It's no flying reindeer, but the blue and white helicopter hovering over the vast Christmas tree farm in Oregon might as well be one of Santa's helpers.
Choppers like this have been instrumental for the crew at Holiday Tree Farms in Corvallis, Ore., since the early 1980s. The team only has six weeks to harvest a million trees - no exaggeration. Oregon is the nation's largest supplier of Christmas trees, senior production manager for the farm Mark Arkills told Great Big Story. The ratio: 12 holiday trees to every human in the state.
Out on the farm, cultured Douglas fir trees get cut down individually with chainsaws and then bundled together with heavy-duty ropes. The helicopter swoops in and lowers a separate rope with a metal hitch. A person on the ground called a "slinger" loops in the rope bundling the clump of cut trees, and then up, up and away they go at a rate of about 1,000 trees per hour. The farm uses five or six helicopters at the same time.
A line of trucks waits for the helicopter, which lowers the bundles into each truck's bright yellow bed. Each tree goes through a quick process where loose needles get shaken off before the tree is bailed, loaded up and then sent off to be sold, probably to someone you know. Altogether, the 2016 Oregon harvest is worth $90 million, according to the Pacific Northwest Christmas Tree Association.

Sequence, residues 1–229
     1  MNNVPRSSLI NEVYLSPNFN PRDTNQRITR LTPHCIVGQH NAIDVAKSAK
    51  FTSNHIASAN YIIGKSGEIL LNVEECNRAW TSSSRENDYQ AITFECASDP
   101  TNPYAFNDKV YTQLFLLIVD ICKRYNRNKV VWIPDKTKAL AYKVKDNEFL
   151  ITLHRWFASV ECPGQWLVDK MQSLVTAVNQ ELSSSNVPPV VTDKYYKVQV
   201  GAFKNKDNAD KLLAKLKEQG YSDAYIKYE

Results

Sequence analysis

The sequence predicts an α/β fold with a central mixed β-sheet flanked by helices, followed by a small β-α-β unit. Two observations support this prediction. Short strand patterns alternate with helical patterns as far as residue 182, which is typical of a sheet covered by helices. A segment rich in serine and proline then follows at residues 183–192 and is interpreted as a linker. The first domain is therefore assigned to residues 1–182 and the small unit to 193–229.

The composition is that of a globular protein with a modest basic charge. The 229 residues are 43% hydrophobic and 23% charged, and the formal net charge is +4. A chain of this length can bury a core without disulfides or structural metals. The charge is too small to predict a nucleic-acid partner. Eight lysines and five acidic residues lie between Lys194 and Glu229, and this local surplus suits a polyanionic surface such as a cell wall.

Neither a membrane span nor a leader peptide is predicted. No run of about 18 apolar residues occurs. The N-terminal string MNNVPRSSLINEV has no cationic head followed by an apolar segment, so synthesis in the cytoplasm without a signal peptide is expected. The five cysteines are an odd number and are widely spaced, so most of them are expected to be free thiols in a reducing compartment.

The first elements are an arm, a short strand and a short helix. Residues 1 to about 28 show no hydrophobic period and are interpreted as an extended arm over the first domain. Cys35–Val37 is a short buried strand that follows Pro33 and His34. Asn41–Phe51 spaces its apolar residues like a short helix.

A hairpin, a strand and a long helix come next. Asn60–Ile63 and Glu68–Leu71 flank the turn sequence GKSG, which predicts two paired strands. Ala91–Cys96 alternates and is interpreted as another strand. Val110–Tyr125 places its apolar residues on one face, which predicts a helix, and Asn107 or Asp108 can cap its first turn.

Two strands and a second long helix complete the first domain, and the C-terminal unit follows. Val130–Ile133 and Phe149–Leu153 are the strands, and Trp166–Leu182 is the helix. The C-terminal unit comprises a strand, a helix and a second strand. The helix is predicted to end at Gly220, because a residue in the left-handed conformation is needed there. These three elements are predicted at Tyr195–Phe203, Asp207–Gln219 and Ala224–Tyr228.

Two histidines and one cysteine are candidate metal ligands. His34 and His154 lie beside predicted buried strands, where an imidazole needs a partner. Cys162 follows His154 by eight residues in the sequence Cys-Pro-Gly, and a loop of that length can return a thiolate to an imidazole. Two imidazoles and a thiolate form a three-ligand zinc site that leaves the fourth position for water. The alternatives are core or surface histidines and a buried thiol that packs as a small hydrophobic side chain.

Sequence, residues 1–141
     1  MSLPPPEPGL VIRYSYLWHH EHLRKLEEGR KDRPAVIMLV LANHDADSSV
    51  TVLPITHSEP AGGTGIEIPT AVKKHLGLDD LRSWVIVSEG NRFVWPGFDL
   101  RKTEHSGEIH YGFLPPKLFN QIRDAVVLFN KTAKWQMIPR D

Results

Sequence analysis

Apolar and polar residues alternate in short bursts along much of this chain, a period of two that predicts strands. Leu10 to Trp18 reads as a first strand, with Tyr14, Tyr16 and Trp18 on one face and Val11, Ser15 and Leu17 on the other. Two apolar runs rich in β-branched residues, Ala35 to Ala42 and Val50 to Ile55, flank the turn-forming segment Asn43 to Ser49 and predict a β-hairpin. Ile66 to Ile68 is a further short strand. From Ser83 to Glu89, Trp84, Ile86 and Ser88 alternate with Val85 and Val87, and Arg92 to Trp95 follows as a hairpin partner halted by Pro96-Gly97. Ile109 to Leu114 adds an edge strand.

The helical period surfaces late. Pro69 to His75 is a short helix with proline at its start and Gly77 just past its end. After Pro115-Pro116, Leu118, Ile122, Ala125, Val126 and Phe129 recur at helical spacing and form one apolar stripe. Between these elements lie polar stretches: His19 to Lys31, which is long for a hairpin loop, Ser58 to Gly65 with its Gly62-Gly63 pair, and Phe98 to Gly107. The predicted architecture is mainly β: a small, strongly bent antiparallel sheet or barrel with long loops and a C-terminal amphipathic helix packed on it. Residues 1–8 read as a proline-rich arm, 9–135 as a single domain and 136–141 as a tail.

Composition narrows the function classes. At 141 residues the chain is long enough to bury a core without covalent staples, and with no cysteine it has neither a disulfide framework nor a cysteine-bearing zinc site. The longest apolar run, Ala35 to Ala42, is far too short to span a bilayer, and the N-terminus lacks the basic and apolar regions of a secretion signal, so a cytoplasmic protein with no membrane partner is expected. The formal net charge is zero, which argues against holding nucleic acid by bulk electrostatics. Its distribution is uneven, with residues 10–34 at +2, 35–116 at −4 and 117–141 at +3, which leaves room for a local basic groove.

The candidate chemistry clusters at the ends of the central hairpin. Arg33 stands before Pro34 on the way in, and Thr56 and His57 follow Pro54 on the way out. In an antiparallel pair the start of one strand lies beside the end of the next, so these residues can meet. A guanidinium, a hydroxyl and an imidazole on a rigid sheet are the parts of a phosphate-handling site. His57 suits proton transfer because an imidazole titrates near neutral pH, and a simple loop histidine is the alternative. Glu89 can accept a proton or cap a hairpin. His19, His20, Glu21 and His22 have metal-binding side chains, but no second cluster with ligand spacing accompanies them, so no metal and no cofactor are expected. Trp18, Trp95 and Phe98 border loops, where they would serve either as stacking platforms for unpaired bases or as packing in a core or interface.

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Artificial trees represent fierce competition for tree farmers. "We real tree farmers have a saying about fake trees," Arkills, who actually looks a bit like Santa himself, said in the interview. "Nine years in the house and nine million years in the landfill. They cannot be recycled."
Growing the fragrant real trees typically takes eight years until they reach ideal height. Holiday Tree Farms has about 8,000 acres of actively growing trees, according to Arkills. Every spring after the harvest, new seedlings get planted to keep the operations going.
Watch the Holiday Tree Farms crew get it done this year: